Fixing the Personal Finance Blind Spot

College and high school students say there is a glaring gap in their education — nothing exists to teach them the basics of personal finances. Worse, students don't know where to go for this information. There is no textbook for taking out a first credit card, getting a first automobile, starting to save for retirement.

"I have taken classes where I know everything about hurricanes, but I'm a finance major. I think a class dedicated to financial literacy would go a long way," says Matt Sauers, a College of Business Administration senior.

Sauers was part of the first annual Financial Literacy Panel Discussion, held April 12 at Sennott Square, which drew students from the University of Pittsburgh, Duquesne University, Butler County Community College, Fox Chapel Area High School, and Greater Johnstown High School. Clinical Assistant Professor Jay Sukits organized the event, which coincided with National Financial Literacy month, with Gene Natali Jr., a senior vice president at CS McKee Investment Managers in Pittsburgh. To prepare for the forum, all the students read a book on the topic, The Missing Semester (2012), which Natali co-authored.

Sukits, a Wall Street investment banker before he was a professor, said the student panel illustrated the evolution of young people's thought process, as saving for college and picking a major shifts to securing that first job and paying off student loan debt. Sukits says experience-based learning is the best way to reach students, which is why he manages the Socially Responsible Investment Club, a project in which students oversee a real portfolio valued at tens of thousands of dollars.

"Students are good at learning theories and concepts and how to plug things in, and then they graduate and don't know how to manage their own money, pay off student loans, or start their own portfolio," Sukits said.

To a person, the students urged taking action to change that. They support making personal finance classes mandatory. To reach their generation, they recommended that educators ground the work in real-life examples, such as having students review their own finances. They suggested showing the "big numbers" that demonstrate the amount a student's retirement savings can grow to if started early. They also encouraged educators to use the scare tactics of showing how painful credit card debt and bankruptcy can be.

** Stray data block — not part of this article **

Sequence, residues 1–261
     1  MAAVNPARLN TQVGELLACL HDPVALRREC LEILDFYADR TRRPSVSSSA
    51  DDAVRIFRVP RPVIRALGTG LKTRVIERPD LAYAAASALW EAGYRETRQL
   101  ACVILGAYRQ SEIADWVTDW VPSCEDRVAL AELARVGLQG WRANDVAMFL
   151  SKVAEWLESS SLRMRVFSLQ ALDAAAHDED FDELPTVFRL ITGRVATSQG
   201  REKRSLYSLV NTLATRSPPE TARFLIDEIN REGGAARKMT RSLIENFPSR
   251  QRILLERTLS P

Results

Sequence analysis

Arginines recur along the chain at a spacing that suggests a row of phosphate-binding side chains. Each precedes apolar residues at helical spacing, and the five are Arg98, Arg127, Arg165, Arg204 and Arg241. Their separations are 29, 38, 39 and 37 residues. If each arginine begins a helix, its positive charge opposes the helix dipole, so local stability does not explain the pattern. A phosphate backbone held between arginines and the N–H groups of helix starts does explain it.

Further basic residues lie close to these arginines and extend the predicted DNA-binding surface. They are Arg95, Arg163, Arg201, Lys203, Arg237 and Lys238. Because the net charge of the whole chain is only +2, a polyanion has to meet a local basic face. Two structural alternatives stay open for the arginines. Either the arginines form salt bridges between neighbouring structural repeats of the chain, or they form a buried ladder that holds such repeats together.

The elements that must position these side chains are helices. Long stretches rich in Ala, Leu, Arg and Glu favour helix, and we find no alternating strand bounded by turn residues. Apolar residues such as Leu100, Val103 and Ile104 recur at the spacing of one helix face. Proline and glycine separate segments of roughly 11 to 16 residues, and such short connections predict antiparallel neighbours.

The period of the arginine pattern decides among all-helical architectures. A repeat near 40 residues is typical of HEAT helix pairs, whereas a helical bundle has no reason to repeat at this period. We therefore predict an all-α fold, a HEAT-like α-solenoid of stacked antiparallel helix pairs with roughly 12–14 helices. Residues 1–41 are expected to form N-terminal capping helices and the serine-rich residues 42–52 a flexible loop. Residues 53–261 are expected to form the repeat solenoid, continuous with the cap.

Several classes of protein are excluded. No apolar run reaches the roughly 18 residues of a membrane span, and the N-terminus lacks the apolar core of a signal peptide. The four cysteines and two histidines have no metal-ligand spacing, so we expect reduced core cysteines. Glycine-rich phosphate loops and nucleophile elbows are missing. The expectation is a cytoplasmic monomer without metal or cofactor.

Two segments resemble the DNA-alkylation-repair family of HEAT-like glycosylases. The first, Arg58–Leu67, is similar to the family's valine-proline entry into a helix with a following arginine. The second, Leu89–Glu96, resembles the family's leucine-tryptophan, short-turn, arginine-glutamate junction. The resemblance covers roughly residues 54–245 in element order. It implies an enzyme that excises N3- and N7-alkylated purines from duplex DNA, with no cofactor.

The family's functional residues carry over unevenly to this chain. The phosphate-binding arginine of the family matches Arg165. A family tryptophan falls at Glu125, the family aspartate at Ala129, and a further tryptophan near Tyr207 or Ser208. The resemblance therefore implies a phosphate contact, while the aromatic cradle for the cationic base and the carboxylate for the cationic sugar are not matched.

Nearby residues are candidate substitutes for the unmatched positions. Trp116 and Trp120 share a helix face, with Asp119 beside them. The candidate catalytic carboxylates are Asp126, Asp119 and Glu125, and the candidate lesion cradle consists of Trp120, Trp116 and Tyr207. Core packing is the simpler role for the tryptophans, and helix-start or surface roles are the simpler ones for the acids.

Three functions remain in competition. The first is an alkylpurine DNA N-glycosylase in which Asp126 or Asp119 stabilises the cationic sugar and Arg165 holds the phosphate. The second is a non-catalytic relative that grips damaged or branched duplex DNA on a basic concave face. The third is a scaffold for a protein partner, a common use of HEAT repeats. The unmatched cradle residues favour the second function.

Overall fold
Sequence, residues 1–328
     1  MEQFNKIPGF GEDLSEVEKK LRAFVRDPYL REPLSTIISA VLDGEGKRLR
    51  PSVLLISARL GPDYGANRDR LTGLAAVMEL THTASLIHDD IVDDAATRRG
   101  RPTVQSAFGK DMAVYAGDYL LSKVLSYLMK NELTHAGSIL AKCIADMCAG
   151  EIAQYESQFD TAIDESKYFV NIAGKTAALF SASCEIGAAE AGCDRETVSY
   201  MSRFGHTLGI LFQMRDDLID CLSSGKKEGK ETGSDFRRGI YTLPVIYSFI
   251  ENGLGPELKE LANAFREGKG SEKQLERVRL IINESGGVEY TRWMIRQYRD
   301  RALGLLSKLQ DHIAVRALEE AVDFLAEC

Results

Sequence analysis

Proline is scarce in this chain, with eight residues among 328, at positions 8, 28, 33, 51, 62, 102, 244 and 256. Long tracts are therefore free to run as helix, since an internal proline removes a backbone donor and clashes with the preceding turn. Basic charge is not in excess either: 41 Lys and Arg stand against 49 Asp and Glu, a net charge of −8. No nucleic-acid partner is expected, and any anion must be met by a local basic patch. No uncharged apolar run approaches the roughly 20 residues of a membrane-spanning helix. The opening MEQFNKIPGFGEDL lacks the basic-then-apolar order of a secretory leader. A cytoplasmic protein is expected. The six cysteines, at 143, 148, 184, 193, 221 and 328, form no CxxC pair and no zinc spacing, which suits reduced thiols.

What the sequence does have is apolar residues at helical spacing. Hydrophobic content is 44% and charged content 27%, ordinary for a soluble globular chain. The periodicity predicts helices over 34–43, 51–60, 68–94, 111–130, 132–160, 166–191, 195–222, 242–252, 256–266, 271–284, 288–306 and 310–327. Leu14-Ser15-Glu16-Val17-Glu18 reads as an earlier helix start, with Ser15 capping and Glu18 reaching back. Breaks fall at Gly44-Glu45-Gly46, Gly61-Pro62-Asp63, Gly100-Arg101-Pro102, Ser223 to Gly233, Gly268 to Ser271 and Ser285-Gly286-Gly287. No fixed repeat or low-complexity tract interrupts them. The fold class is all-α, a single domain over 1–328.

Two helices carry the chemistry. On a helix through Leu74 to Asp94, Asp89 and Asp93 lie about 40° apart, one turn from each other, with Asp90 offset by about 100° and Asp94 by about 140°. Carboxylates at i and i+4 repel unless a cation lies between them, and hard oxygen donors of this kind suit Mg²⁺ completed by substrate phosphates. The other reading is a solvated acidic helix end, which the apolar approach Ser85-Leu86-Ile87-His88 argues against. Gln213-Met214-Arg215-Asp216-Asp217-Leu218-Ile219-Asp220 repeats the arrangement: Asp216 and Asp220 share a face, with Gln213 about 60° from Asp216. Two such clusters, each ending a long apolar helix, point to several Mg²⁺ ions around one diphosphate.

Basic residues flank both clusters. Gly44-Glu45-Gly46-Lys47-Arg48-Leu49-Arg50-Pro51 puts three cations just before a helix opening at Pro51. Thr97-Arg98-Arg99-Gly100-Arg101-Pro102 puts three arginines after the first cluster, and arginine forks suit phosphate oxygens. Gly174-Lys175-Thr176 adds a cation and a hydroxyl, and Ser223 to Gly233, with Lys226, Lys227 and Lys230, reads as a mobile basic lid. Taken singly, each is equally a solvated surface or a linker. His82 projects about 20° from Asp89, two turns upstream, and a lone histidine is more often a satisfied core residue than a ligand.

"There is substantial peer pressure against good financial behavior. I had an old roommate who said I'll have a real job soon and the money I make now will pale in comparison, so I better spend it now and enjoy myself," said Marc Funderlich, a student at Butler County Community College.

But other students experienced the opposite. "I've been fortunate," said Stephanie Brackbill, of Butler County Community College. "My friends who graduated, they all talk about what we owe. People are saving for weddings, babies."

Duquesne student David Nist says he sees a vicious cycle on campus. "After the first semester, people say, 'You want to go get pizza,' and people say, 'I can't I don't have any money.' But then after summer jobs, they are flush with cash again and the vicious cycle repeats."

Students spoke of the financial stumbles of their parents. One family took out credit cards to pay for other credit cards. One parent ruined her credit score so badly that obtaining a home mortgage was difficult. Another family, with both spouses working as physicians, recently paid off student loan debt at the age of 50. One of the myths that students say is popular among their peers is that it improves one's credit card score if he or she carries some credit card debt from month to month. The truth is that paying credit cards off right away will save money, without hurting the credit score.

Fox Chapel student Chris Mazza says many of his peers have never worked. He works at a supermarket, which, he says, "isn't the greatest job in the world," but has still taught him "lots of stuff and I'm fortunate to have it."

That job can be a spring board to something bigger, Natali says. "One student said I want to be an equity portfolio manager but I work at Shop 'n Save. Pay attention to what products are flying off the shelf. Then in an interview, say 'XYZ was flying off the shelf and I researched the company and…'" he says.

Universally, the students said that financial literacy should be a curricular priority. "We take a lot of required courses at Pitt. I think one in financial planning and personal budgeting would be a lot more applicable," said CBA senior John Brownschidle. 

-- The forum was featured in the Pittsburgh Post-Gazette